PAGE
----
Indulge me as I summarise why. Fifty years after the Referendum:
- As adults, we die an average of 10–17 years earlier than non-Indigenous Australians, and experience much higher rates of chronic illness.
- Our babies die at more than twice the rate of other Australian babies.
- Our kids suicide at a rate three to four times that of non-Indigenous kids, and the rate of suicide amongst our young men is the highest in the world.
- Our unemployment rate is at least four times that of the general population.
- Despite native title and various land rights regimes, many of our communities remain impoverished.
- Community-controlled health, children’s, legal, domestic violence and other vital services are drip-fed funding and sometimes cut off entirely.
- The elected representative body for our people, the National Congress, has no assurance of future funding.
- Just two to three per cent of the broad Australian population, we make up 27 per cent of the prison population. Our men are twice as likely to be in prison than in university.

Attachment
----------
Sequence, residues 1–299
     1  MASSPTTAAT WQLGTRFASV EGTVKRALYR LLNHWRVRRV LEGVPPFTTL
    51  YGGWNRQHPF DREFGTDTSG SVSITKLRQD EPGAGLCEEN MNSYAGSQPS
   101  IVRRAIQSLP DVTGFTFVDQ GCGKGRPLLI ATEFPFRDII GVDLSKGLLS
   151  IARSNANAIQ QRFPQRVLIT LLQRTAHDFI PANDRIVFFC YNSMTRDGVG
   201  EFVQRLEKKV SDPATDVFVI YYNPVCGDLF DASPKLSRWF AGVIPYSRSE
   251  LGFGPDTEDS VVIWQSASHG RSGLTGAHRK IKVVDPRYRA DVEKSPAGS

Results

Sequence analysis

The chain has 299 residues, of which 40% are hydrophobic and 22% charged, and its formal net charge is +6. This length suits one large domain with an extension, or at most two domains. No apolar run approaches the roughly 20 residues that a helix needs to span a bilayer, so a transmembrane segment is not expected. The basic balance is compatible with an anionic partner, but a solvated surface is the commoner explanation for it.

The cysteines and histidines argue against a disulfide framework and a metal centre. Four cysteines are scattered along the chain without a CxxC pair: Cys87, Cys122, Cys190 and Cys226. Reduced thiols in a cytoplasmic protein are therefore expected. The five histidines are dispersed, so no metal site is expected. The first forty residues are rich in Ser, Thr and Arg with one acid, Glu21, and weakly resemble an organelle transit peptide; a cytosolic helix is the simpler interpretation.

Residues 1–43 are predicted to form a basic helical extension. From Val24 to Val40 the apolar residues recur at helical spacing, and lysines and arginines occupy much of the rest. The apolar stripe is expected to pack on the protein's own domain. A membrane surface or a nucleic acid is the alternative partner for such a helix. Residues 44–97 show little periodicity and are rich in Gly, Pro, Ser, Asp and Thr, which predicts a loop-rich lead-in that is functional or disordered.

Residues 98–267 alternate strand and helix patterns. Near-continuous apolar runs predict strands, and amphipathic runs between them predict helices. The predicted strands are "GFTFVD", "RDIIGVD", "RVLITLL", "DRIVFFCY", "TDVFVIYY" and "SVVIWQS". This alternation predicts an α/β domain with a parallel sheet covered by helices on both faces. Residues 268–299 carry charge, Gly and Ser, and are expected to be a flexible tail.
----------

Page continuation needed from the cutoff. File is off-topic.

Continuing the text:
- Our women are hospitalised due to family violence-related assaults at a rate 34.2 times that for non-Indigenous females.
- Child removals are sky high – nine and a half times the rate for non-Indigenous children, and much higher now than during the Stolen Generations era.
- Australia pledges commitment towards human rights and Indigenous rights but is routinely criticised internationally for not showing it.
What are we to make of this laundry list of shame? Perhaps that Australians have stopped seeing crisis when they look at us? That, after report after report, inquiry after inquiry, governments are wilfully blind? That crisis is just the old and new black? That such is the obsession with survival of the fittest that Australians just don’t care?
There is one further statistic that I want to shine a particular light on.
Over-Represented and Overlooked
Earlier this week, the Human Rights Law Centre and the Change the Record Coalition, released a damning report called ‘Over-Represented and Overlooked’ on the over-imprisonment of Aboriginal and Torres Strait Islander women.